It is very difficult for us to identify our own cognitive biases, but it is fairly easy for others to see them in us. It isn’t natural for us to be introspective and seek out peer groups who challenge our beliefs. Annie was able to do this because she learned to hold her beliefs lightly and take the criticism and feedback as constructive reflection rather than an attack on her identity. Her thinking switched from deferring blame in defense of her identity to asking the question “why am I wrong?” Whenever we do this, we add uncertainty to our beliefs which feels uncomfortable to our certainty craving brain.

If this sounds familiar, it’s because we’ve written about the idea of embracing uncertainty, admitting that we don’t know the future, and trying to learn from mistakes multiple times on this blog (here’s a good index of multiple posts). We all have plenty of bad beat stories we can share about investing, but the only way to become a better investor is to try to learn from these mistakes and take some amount of responsibility for our mistakes in order to make us better investors going forward. Or as Annie Duke put it in her interview:

It’s getting the future version of you to get involved in the decisions of the present version of you… I’m going to take some short term pain right now. I’m going to admit that I had some part in the way that this outcome turned out. Or maybe I’m going to explore the possibility that this great thing that happened was because I got lucky. That is a painful thing to do. I don’t get to celebrate and have a party for myself. But I can only do that if future Annie is involved in the conversation. Future Annie has to be saying, “Hey, I know it doesn’t feel good now, but this is really good for me later.”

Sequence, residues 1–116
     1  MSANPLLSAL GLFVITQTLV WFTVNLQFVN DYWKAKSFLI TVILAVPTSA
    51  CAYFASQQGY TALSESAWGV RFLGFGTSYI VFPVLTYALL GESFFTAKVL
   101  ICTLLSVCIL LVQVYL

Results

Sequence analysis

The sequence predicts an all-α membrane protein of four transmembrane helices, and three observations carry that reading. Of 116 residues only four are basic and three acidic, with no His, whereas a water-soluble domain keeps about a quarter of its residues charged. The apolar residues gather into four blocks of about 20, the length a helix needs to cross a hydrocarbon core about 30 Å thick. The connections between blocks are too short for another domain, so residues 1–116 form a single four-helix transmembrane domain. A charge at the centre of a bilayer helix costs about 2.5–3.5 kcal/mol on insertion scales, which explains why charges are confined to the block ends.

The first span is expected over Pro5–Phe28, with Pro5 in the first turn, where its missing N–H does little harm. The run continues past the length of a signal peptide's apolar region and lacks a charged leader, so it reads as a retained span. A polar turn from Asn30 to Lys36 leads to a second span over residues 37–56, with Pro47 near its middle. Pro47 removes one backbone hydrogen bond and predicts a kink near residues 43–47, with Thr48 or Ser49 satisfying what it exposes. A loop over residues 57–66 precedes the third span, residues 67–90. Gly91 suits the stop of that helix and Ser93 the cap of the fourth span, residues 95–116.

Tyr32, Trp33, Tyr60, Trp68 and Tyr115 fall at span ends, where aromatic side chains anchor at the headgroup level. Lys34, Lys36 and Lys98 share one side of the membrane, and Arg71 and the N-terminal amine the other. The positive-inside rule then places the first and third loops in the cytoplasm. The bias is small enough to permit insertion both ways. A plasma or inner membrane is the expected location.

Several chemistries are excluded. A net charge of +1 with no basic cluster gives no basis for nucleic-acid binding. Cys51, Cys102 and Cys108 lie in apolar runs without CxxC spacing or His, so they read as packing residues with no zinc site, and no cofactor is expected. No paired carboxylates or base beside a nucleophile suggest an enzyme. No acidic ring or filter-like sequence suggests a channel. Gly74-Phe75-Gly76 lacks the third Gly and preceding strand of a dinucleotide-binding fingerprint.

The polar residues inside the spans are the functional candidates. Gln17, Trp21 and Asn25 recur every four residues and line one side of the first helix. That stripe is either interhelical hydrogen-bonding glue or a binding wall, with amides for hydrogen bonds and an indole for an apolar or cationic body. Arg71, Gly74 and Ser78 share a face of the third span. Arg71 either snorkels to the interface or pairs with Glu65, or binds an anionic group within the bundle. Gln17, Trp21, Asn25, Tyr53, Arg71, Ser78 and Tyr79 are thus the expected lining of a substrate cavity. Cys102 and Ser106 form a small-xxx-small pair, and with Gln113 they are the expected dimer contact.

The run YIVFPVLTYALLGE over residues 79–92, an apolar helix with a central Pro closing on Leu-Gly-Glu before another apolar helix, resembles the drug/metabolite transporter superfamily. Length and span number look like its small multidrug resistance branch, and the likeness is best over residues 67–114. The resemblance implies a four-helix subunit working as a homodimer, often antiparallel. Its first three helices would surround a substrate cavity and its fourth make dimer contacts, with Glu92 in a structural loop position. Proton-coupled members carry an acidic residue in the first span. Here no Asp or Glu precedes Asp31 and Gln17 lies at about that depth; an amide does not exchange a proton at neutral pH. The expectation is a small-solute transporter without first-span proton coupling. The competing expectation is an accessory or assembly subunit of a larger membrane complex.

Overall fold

Everyone is familiar with the idiom “short-term pain for long-term gain” but this is easier said than done. In order to maximize our long-term potential, we have to flip the switch in our brain that turns off our natural default mechanism of finding a scapegoat every time something unpleasant happens to us. We all need to try to think about having a conversation with our future selves and then picture what that self would tell us about our present circumstances as Shane Parrish so eloquently stated in the opening quote. If we can make this switch in how we process information, we will all become much better decision makers and our collective future selves will thank us!


elliott_headshot_bw.jpgAuthor Elliott Orsillo, CFA is a founding member of Season Investments and serves on the investment committee overseeing the management of client assets. He spent nearly ten years as a financial analyst and portfolio manager working primarily with institutional clients prior to co-founding Season Investments. Elliott earned a bachelor's degree in Engineering from Oral Roberts University and a master's degree from Stanford University in Management Science & Engineering with an emphasis in Finance. Elliott and his wife Gigi have three children and like to spend their time outdoors enjoying everything the great state of Colorado has to offer.